Gaura Maan is everything for young Raju. In his father Gopal’s words, Gaura almost replaced the vacuum created by the demise of Raju’s mother.
Gaura, the cow, is the only income source for their family, and selling her milk twice daily brought money into their household. Gopal, unfortunately, is not able to provide her with fodder and prefers that she feeds on the leftovers found around town. Gaura thus wanders on the roads the entire day, failing to find anything to eat as people hardly feed stray animals in current times.
Unlike other cows that compromised and ate from garbage bins and plastic bags, Gaura refused to do that. She couldn’t feed Raju the low-quality milk that came from feeding on crap.
As Gaura went hungry day after day, the quantity of milk and hence the income kept decreasing. On the other hand, the municipal authorities are particular about towing away stray animals that are feeding on road plants and public property.
The only hope for Raju is his wealthy classmate Qasim, who could adopt Gaura, send her to a rescue center, and sponsor Gaura’s maintenance. Qasim’s father Rehman is reluctant to help Raju transport Gaura to a rescue center due to the misunderstanding from Gau Rakshaks about any cow being transported, especially by people from a particular community.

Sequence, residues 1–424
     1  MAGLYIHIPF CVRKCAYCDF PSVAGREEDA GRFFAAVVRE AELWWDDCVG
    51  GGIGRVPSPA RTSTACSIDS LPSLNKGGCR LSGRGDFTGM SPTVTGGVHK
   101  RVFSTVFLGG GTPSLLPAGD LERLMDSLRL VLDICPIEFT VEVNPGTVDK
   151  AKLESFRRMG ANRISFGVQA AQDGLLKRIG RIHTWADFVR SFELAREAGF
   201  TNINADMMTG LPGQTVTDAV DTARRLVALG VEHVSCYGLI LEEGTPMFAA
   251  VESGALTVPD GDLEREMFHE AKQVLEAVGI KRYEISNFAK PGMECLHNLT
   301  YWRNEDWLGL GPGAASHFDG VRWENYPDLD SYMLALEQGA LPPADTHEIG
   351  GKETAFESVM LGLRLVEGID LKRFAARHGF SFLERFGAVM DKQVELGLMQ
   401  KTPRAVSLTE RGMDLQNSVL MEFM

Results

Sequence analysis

Will Gaura remain a hungry cow, or will Raju be able to find a better home for Gaura, forms the rest of the story.
As the author mentions at the end of the book, there was a nationwide uproar about the cruelty meted to a pregnant elephant a few months ago. The story highlights this selective reaction from society using Gaura’s plight as a metaphor. By giving Gaura a voice, the author narrates her side of the story; while we humans make our own assumptions and make decisions on behalf of these animals, Gaura is showcased as wiser than the humans around her.
The story also highlights how there is activism around beef-eating, but the same individuals might scare and hurt a hungry cow looking for food.
The relationship shared by Gaura and Raju is heartwarming. There are some engaging illustrations to add another dimension to the story, and though the book is primarily for kids, it is equally recommended for adults.
With such an important message about our lack of empathy towards stray animals, this book makes for an essential read as it sensibly conveys the message.
Book Name: The Hungry Cow
Author: Sandeep Kumar Rana
Publisher: Authors Upfront
Book Type: Paperback
Disclaimer: This honest review is based on a complimentary copy of the book sent by the author.